This study experimentally and numerically investigated the hydrodynamic characteristics of a 180° curved open channel over rough bed under the condition of constant downstream water depth. Three different sizes of bed particles (the small, middle and big cases based upon the grain size diameter D50) were selected for flume tests. Three-dimensional instantaneous velocities obtained by the acoustic Doppler velocimeter (ADV) were used to analyze hydrodynamic characteristics. Additionally, the Renormalization-Group (RNG) turbulence model was employed for numerical simulations. Experimental results show that rough bed strengthens turbulence and increases turbulent kinetic energy along curved channels. The power spectra of the longitudinal velocity fluctuation satisfy the classic Kolmogorov −5/3 law in the inertial subrange, and the existence of rough bed shortens the inertial subrange and causes the flow reach the viscous dissipation range in advance. The contributions of sweeps and ejections are more important than those of the outward and inward interactions over a rough bed for the middle case. Flow-3D was adopted to simulate flow patterns on two rough bed settings with same surface roughness (skin drag) but different bed shapes (form drag): one is bed covered with thick bottom sediment layers along the curved part of the flume (the big case) as the experimental condition, and the other one is uniform bed along the entire flume (called the big case_flat only for simulations). Numerical simulations reveal that the secondary flow is confined to the near-bed area and the intensity of secondary flow is improved for both rough bed cases, possibly causing more serious bed erosion along a curved channel. In addition, the thick bottom sediments (the big case), i.e., larger form drag, can enhance turbulence strength near bed regions, enlarge the transverse range of secondary flow, and delay the shifting of the core region of maximum longitudinal velocity towards the concave bank. Full article
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Article
Secondary Currents with Scour Hole at Grade Control Structures
Water 2021, 13(3), 319; https://doi.org/10.3390/w13030319 - 28 Jan 2021
Cited by 1 | Viewed by 400
Abstract
Most studies on local scouring at grade control structures have principally focused on the analysis of the primary flow field, predicting the equilibrium scour depth. Despite the numerous studies on scouring processes, secondary currents were not often considered. Based on comprehensive measurements of [...] Read more.
Most studies on local scouring at grade control structures have principally focused on the analysis of the primary flow field, predicting the equilibrium scour depth. Despite the numerous studies on scouring processes, secondary currents were not often considered. Based on comprehensive measurements of flow velocities in clear water scours downstream of a grade control structure in a channel with non-cohesive sediments, in this study, we attempted to investigate the generation and turbulence properties of secondary currents across a scour hole at equilibrium condition. The flow velocity distributions through the cross-sectional planes at the downstream location of the maximum equilibrium scour depth clearly show the development of secondary current cells. The secondary currents form a sort of helical-like motion, occurring in both halves of the cross-section in an axisymmetric fashion. A detailed analysis of the turbulence intensities and Reynolds shear stresses was carried out and compared with previous studies. The results highlight considerable spatial heterogeneities of flow turbulence. The anisotropy term of normal stresses dominates the secondary shear stress, giving the impression of its crucial role in generating secondary flow motion across the scour hole. The anisotropy term shows maximum values near both the scour mouth and the scour bed, caused, respectively, by the grade control structure and the sediment ridge formation, which play fundamental roles in maintaining and enhancing the secondary flow motion. Full article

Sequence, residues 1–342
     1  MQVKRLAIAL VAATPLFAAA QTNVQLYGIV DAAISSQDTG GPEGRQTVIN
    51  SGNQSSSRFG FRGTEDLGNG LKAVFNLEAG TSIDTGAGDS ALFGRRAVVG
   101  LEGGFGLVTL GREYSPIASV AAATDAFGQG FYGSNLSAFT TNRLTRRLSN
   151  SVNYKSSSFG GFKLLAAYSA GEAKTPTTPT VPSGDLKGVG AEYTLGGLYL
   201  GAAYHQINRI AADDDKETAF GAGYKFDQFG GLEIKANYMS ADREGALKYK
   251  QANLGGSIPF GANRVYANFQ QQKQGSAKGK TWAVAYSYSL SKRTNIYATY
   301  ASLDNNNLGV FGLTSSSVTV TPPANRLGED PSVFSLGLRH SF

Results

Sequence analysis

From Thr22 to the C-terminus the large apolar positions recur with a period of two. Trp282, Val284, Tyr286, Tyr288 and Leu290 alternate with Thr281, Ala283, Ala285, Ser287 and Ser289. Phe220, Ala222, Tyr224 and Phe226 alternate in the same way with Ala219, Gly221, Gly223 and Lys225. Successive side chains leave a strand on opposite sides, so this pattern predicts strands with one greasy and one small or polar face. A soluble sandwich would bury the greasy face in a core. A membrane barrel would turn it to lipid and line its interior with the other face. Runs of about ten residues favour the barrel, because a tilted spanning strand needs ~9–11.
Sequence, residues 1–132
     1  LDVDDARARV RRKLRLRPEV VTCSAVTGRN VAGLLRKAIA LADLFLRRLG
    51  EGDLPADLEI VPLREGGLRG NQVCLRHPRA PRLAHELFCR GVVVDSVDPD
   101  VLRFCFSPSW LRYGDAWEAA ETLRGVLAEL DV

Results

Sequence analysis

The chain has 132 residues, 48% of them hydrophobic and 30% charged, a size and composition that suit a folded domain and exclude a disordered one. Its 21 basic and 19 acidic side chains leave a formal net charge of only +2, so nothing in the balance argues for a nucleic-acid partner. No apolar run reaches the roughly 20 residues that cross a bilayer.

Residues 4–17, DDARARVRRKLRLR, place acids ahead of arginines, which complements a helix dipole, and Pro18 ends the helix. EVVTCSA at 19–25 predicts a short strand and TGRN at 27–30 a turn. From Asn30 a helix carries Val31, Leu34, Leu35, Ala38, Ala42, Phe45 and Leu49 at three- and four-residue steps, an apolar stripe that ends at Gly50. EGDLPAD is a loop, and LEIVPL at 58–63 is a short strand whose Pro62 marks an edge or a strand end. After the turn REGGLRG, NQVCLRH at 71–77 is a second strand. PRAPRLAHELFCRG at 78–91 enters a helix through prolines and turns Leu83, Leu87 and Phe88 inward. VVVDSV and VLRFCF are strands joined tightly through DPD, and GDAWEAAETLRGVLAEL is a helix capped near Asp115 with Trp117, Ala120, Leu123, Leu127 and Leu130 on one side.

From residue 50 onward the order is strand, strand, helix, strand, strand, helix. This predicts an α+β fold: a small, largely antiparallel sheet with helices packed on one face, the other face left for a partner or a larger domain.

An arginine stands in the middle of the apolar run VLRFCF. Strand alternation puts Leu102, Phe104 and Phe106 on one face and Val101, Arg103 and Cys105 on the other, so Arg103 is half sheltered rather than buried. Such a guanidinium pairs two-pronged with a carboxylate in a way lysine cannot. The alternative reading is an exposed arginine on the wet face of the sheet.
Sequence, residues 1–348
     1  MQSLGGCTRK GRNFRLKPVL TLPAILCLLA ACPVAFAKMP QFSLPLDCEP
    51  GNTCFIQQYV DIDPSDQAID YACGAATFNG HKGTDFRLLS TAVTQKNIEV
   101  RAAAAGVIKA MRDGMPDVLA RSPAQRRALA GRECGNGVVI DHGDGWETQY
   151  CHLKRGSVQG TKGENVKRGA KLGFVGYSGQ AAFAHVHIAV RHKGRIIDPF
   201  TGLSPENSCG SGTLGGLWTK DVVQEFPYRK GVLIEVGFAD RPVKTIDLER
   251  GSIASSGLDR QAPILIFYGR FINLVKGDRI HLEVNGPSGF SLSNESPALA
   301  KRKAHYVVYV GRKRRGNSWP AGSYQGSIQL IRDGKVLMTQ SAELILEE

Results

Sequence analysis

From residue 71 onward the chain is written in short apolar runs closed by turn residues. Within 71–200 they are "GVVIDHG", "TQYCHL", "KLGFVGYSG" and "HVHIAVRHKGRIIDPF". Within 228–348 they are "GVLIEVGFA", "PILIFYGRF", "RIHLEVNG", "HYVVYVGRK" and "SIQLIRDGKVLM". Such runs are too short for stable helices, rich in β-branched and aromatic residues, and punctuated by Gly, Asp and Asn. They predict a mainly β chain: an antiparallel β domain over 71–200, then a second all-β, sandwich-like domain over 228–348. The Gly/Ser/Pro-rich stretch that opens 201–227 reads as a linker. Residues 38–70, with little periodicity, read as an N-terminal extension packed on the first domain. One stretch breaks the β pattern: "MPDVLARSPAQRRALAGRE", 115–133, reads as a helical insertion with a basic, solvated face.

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Article
Experimental Analysis of Velocity Distribution in a Coarse-Grained Debris Flow: A Modified Bagnold’s Equation
Water 2020, 12(5), 1415; https://doi.org/10.3390/w12051415 - 15 May 2020
Viewed by 832
Abstract
Today, Bagnold’s theory is still applied to gravity-driven flows under the assumption of uniform sediment concentration. This study presents findings of flume experiments conducted to investigate the velocity and concentration distributions within the debris body by using high-resolution images. The analysis has shown [...] Read more.